NEW YORK (Reuters) - The world’s top drugmakers have slashed prices for medicines to fight AIDS and malaria. Now the debate is moving to the next level as pressure builds for them to do more against chronic diseases in poor countries.
A major United Nations meeting in September 2011 will put chronic noncommunicable diseases like cancer, heart disease and diabetes on the global agenda, and industry says it is ready to step up to the plate.
AstraZeneca Plc CEO David Brennan -- the new president of the International Federation of Pharmaceutical Manufacturers and Associations -- said on Wednesday he expected to see a rethink on drug prices for poor countries.
Companies will, however, be wary on just how far they go in offering tiered, or preferential, prices for medicines that form the mainstay of their business in the developed world.
“I think you are going to see more willingness to do tiered pricing,” Brennan said at the Reuters Health Summit.
“The risk around tiered pricing is that the middle-income markets might then want to reference price against central Africa, and that’s not something we’re going to support.”
Working out a balance to improve access to treatments for the poorest countries while ensuring profits in richer markets would be a key priority for the lobby group, he said.
Chronic diseases which were previously largely confined to rich, well-fed populations are an increasing problem in poorer nations in Asia and Africa, whose populations are increasingly adopting Western lifestyles and living longer.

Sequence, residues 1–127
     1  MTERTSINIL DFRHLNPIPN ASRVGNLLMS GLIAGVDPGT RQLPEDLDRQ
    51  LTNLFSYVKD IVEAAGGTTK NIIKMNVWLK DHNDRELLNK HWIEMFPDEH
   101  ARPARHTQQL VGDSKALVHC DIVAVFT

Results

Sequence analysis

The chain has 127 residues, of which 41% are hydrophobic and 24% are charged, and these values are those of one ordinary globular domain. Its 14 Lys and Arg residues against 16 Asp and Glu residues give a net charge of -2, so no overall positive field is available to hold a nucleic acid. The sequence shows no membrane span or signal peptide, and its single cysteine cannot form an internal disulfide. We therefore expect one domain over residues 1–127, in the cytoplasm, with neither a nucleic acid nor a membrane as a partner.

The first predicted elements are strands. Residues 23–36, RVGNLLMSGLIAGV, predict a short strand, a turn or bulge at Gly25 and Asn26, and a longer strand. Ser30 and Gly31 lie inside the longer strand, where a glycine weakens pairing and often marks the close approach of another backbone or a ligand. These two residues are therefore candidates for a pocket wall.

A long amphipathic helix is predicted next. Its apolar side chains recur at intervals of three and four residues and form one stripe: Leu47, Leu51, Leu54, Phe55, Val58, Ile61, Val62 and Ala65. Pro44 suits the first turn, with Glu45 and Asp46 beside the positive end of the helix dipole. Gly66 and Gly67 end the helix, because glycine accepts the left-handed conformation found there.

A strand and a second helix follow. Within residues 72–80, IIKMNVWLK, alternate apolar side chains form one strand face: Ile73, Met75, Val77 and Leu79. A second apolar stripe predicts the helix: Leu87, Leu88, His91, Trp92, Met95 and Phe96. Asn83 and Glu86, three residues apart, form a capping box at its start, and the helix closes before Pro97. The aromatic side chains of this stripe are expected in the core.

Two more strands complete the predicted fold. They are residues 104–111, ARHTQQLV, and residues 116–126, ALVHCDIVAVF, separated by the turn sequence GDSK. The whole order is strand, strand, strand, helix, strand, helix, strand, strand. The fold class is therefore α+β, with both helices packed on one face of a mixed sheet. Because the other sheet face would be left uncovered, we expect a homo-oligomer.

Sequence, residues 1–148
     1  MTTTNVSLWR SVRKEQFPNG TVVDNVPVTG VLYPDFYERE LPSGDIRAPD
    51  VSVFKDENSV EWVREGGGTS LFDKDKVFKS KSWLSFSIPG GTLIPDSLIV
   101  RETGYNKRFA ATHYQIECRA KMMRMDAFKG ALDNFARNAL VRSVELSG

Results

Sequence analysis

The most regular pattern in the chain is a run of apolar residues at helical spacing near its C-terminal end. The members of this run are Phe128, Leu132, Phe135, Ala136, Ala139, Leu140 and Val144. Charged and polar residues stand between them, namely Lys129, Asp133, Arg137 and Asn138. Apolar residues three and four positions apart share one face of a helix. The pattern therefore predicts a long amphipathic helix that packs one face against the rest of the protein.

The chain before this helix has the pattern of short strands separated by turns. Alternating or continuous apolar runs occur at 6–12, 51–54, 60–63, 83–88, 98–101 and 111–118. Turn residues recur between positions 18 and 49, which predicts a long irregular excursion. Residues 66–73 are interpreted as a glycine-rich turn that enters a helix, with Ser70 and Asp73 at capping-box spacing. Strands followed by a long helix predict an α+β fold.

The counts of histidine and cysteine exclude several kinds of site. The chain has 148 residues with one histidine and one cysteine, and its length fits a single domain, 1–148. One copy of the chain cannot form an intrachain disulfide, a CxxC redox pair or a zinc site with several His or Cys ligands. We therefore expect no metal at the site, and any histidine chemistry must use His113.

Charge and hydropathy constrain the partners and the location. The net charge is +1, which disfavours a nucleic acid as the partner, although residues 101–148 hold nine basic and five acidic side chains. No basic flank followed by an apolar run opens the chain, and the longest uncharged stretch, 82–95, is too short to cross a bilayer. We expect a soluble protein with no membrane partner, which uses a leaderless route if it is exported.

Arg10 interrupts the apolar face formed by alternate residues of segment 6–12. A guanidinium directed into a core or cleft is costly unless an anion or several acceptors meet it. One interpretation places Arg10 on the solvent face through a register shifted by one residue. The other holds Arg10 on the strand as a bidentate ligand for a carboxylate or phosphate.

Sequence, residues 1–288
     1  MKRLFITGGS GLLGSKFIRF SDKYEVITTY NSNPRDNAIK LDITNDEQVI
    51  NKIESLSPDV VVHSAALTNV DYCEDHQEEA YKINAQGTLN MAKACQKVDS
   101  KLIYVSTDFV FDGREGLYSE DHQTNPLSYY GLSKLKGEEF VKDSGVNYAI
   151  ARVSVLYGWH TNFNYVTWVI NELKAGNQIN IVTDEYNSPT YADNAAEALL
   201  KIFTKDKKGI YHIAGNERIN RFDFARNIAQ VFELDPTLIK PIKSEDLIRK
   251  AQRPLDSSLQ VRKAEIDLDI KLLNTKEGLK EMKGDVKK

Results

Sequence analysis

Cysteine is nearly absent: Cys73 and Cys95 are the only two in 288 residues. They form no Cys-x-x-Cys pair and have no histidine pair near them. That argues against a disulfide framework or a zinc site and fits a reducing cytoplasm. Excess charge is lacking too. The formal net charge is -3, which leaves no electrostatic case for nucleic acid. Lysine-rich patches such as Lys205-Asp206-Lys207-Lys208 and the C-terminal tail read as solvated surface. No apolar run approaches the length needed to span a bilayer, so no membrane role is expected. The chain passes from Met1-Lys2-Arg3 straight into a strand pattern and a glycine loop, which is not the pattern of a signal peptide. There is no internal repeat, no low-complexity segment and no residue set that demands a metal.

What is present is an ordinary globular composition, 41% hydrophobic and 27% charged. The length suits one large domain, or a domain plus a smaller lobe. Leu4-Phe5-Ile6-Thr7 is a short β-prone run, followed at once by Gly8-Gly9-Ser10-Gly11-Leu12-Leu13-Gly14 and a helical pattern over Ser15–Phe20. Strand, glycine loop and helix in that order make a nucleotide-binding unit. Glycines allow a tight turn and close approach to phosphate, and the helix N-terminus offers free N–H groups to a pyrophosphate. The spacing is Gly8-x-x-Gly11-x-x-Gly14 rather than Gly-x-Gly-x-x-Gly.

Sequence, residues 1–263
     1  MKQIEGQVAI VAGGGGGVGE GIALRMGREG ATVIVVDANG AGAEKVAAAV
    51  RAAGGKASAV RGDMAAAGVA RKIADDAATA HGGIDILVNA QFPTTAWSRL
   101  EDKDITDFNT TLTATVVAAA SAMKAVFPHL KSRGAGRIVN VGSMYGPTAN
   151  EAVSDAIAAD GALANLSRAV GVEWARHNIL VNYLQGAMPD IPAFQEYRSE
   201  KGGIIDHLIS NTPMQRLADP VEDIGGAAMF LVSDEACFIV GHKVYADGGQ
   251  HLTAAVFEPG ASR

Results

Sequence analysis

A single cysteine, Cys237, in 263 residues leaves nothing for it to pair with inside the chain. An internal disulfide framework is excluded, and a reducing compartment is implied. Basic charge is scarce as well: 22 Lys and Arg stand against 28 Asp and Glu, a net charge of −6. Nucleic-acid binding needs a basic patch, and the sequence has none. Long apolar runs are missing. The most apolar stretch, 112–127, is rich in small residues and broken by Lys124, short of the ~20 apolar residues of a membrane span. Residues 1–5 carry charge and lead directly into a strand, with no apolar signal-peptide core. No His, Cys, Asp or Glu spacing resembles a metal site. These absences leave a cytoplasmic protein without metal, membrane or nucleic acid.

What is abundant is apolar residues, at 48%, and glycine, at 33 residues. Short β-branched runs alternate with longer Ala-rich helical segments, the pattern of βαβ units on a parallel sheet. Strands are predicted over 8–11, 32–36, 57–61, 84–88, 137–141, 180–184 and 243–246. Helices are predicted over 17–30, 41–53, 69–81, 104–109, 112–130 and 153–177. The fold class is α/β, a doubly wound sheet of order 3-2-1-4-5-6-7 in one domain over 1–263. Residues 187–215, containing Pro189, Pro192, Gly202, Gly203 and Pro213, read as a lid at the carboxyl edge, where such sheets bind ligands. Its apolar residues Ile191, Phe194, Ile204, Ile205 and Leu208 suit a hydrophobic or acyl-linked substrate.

Yet the price of many medicines remains a high barrier to access.
Global health projections leave little doubt that chronic diseases are rapidly overtaking infectious diseases, such as malaria, AIDS and tuberculosis, as the world’s biggest killers.
The World Economic Forum earlier this year characterized the spread of chronic noncommunicable diseases as a “silent pandemic.”
It said that while deaths from infectious diseases, maternal conditions and poor nutrition would fall by 3 percent in the next decade, deaths from chronic disease would increase by 71 percent.
Some pharmaceutical firms are already cutting drug prices for poorer people, in part to improve their foothold in fast-growing emerging markets. But healthcare campaigners argue deeper price cuts are needed if real progress is to be made on expanding access to medication.
Reporting by Ben Hirschler; Editing by Phil Berlowitz
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